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May 4, 2024

Make Parents Pay for Kids Who Miss School To Curb Chronic School Absenteeism

The COVID pandemic has ebbed, but one of its most damaging long-term effects has not. Chronic school absenteeism — collateral damage from students accustomed to staying home for alleged online learning — persists across the country. In New York City, a stunning four in 10 students — some 353,000 — were chronically absent, for the last full school year…

May 2, 2024

A New Lost Generation: Disengaged, Aimless, and Adrift

More than a quarter of America’s school-aged children were absent from school 10 percent or more of the time last year. There’s no shortage of explanations on offer for this surge in “chronic absenteeism,” mostly blaming the Covid-19 pandemic and its aftermath: lockdowns; lowered expectation; health and hardship; bullying and school safety issues. Remote learning…

May 2, 2024

Q&A: A Conservative Vision for Education

We just published a new book, Getting Education Right: A Conservative Vision for Improving Early Childhood, K–12, and College. As the title makes clear, we unabashedly make the case for a conservative approach to education. But we think it’s important to clarify the kind of “conservatism” we have in mind. We’re not talking about politics. We’re not politicos…

April 11, 2024

The “Case for Curriculum” Is about Reducing Teachers’ Workload

Last weekend, I gave a talk at the U.S. ResearchEd conference in Greenwich, Connecticut, on “The Case for Curriculum,” based on a paper I wrote for Stanford University’s Hoover Institution, which was published this week at The 74. But truth in advertising forced me to come clean with my audience: The case for curriculum is in equal measure the case for making the…

April 11, 2024

The Right Has an Opportunity to Rethink Education in America

The casual observer can be forgiven if it looks like both the left and the right are doing their best to lose the debate over the future of American education. On the left, public officials and self-righteous advocates practically fall over themselves working to subsidize and supersize bloated bureaucracies, hollowed-out urban school systems, and campus…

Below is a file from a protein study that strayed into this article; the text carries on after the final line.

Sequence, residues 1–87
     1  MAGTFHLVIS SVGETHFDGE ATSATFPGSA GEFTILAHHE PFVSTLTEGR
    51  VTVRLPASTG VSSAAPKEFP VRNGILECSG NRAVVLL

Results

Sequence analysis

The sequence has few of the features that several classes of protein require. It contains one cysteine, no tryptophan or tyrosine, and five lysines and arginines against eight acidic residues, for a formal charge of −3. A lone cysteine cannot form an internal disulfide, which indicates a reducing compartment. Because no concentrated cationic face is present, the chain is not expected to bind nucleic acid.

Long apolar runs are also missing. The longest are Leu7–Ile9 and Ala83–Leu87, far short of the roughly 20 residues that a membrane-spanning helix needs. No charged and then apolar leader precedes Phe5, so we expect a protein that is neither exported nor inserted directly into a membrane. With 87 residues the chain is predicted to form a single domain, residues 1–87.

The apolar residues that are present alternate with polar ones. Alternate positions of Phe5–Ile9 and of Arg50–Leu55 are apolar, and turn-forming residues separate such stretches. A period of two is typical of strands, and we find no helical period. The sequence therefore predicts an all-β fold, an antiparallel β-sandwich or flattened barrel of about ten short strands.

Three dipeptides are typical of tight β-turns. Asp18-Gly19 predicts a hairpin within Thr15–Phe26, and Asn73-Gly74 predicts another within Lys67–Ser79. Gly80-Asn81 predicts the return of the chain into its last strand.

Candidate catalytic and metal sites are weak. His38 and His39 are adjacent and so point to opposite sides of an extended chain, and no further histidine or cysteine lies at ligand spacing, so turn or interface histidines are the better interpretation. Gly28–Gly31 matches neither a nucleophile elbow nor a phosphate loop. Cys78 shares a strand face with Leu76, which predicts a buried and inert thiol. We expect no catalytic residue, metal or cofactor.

April 3, 2024

School Absenteeism Has Become A Big Problem. But We Can Do Something About It.

Chronic absenteeism has become a pressing challenge for the nation’s schools. The stories are ubiquitous, featuring headlines like last week’s New York Times’s front-pager “Why School Absences Have ‘Exploded’ Almost Everywhere.” In Alaska, 43% of students were chronically absent in 2022-23 (meaning they missed at least 10% of the school year). In Oregon, the figure was 38%; in Nevada, 35%….

March 28, 2024

Finally, a Chance to Start Getting Higher Ed Right

“Finally.” It’s a word those who’ve spent years sounding the alarm about the plight of higher education have been saying a lot lately. Finally, the thought-policing and groupthink have become undeniable. Finally, the cost of toxic dogmas is coming clear. Finally, the bloat and cartel-like behavior is being seen for what it is. The train-wreck…

March 26, 2024

Reading Scores Have Plunged Since the Pandemic. What This Senator Wants to Do About That

The ranking Republican on the U.S. Senate’s Health, Education, Labor, and Pensions (HELP) Committee, Bill Cassidy has represented Louisiana in the upper chamber since 2015. Cassidy recently released a much-discussed report, “Preventing a Lost Generation: Facing a Critical Moment for Students’ Literacy.” As schools struggle to address learning loss, and at a time when “the nation’s report…

March 14, 2024

The “No Excuses” Model Is Due for a Renaissance

In a dispatch over the weekend, the New York Times took note of the rise of “super strict schools in England,” marked by “strict routines and detentions,” silent corridors, and “zero-tolerance” policies for even minor student misbehavior. The focus of the piece is London’s legendary Michaela Community School, which has posted the highest rate of academic progress in the…

March 11, 2024

Taking On the College Cartel

The venerable economist Milton Friedman once said, “Only a crisis—actual or perceived—produces real change.” That’s the impulse behind Winston Churchill’s admonition (later famously echoed by Obama’s chief of staff Rahm Emanuel): “Never let a good crisis go to waste.” Well, welcome to the world of American higher education. Crippling tuition, bloated bureaucracies, huge rates of…